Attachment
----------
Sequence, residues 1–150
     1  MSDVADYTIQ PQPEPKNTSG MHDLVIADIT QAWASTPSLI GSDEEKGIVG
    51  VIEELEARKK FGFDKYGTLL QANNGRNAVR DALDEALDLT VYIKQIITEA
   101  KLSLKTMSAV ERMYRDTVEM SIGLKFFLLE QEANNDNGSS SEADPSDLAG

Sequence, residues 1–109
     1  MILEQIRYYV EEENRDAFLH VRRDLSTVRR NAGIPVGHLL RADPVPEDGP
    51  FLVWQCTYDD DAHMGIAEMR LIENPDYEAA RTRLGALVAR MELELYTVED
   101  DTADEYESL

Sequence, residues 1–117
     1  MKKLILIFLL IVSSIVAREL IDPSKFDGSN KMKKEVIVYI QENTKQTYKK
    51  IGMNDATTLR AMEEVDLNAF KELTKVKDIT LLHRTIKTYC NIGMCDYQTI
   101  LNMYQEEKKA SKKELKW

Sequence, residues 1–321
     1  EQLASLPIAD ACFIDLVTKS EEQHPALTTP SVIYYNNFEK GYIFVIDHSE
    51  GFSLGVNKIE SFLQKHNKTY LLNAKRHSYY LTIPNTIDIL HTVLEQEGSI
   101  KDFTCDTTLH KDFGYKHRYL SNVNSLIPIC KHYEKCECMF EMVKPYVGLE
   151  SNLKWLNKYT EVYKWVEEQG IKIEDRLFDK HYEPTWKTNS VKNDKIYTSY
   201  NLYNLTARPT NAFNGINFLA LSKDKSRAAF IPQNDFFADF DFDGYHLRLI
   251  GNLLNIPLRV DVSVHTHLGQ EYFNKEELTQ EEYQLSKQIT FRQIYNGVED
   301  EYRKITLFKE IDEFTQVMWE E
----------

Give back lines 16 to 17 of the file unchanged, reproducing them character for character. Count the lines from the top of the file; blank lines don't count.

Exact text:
   101  KDFTCDTTLH KDFGYKHRYL SNVNSLIPIC KHYEKCECMF EMVKPYVGLE
   151  SNLKWLNKYT EVYKWVEEQG IKIEDRLFDK HYEPTWKTNS VKNDKIYTSY